Are business gifts to clients tax-deductible? In addition, when are gifts to customers tax-deductible?
Many business owners, including contractors, look to buy corporate gifts for clients at one time or another to say thank you for the work provided to them during the calendar year. As a result, they will ask themselves are business gifts tax-deductible?
A business owner may also look to buy company gifts for specific business contacts at Christmas time or at other times during the year. Therefore, they may also wonder are corporate gifts tax-deductible.
There are specific rules to consider regarding when corporate gifts for clients and customers may be allowable for tax. When we investigate are business gifts tax-deductible, the general rule here is they are not, as they fall under the same bracket as entertaining costs.
Entertaining costs and other tax-deductible allowances
First, for entertaining to count as a business expense, it must be for business entertaining.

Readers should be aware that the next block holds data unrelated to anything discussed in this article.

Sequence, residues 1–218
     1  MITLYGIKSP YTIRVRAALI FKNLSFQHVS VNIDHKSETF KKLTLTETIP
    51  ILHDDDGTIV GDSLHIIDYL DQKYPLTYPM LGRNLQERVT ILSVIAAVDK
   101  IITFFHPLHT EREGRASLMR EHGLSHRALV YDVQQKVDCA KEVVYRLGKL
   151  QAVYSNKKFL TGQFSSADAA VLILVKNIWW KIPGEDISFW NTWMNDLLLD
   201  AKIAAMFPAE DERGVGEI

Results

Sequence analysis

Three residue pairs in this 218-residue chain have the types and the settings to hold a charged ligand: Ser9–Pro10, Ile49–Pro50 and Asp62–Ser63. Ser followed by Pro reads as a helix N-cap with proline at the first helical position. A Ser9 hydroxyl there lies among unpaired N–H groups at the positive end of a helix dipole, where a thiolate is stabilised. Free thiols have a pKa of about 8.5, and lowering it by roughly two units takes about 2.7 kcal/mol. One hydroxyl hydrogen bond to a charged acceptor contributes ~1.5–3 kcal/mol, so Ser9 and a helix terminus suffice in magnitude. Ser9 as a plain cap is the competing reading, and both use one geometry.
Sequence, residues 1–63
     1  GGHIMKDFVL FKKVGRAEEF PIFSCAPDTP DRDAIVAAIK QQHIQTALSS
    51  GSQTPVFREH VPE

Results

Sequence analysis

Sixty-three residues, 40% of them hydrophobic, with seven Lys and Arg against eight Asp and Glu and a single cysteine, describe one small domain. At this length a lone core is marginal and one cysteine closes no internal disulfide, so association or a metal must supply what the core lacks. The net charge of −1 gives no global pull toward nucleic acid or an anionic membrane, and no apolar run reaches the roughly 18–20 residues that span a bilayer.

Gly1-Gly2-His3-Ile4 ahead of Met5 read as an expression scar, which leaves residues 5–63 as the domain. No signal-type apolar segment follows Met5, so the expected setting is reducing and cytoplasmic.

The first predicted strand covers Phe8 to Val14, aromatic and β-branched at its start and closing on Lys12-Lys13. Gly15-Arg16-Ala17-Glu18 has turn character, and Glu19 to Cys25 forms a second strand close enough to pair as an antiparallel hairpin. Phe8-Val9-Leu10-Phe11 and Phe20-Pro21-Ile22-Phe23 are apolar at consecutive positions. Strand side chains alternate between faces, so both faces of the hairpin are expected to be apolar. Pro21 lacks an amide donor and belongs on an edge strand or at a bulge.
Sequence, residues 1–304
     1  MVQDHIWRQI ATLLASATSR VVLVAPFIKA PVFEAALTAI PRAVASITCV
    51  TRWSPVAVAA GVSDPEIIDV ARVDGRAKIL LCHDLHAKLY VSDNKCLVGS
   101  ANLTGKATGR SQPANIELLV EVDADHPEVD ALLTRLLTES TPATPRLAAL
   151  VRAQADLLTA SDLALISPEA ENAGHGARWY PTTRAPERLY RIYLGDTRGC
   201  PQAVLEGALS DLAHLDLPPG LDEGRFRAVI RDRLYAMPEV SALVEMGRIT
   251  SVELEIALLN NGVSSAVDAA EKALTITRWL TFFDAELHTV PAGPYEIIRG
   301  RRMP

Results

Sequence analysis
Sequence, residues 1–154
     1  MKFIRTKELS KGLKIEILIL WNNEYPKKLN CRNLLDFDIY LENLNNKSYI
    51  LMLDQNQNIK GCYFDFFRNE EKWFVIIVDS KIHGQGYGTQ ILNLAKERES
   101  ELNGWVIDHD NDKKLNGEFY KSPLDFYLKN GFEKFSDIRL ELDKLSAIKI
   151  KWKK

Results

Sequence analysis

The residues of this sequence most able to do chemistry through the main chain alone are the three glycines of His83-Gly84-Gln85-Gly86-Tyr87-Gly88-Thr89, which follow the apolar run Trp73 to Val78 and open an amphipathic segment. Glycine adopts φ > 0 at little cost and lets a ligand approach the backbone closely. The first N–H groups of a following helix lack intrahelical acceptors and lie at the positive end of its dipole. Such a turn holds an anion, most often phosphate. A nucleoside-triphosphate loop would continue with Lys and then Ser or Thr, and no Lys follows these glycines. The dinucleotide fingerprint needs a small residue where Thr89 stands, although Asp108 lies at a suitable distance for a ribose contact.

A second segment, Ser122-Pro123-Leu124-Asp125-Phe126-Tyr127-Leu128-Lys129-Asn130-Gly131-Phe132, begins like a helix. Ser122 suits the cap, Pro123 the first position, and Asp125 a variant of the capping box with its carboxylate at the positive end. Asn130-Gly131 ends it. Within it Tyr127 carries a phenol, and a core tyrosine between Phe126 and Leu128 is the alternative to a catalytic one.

Entertaining costs do not attract tax relief for your company. However, it is more beneficial for your business to pay for these rather than pay for them yourself as an individual. If you pay for these yourself, you pay for them out of your income, which has already had tax applied to this personally. Therefore, the same concept in terms of tax treatment applies to gifts unless they are in line with the guide below.
Although you may be able to claim company gifts in some instances, there are two other expenses you could claim. Contractors and small business owners often miss these and they are Trivial Benefits and the Annual Event (Christmas Party).
Please note there are separate rules for company donations that you should consider if you are thinking about this.
When we look at when are gifts to customers tax-deductible, they are generally treated by default as entertaining costs. These are not tax-deductible. However, there are exceptions for:
- Advertising costs in relation to customers and clients.
When business gifts to customers are allowable for tax
As part of when we look at when are business gifts tax-deductible, one of the exceptions is for company gifts to customers or clients. As a contractor, you may wish to send a corporate gift at Christmas time. Alternatively, you may want to send client gifts at some other point during the calendar year.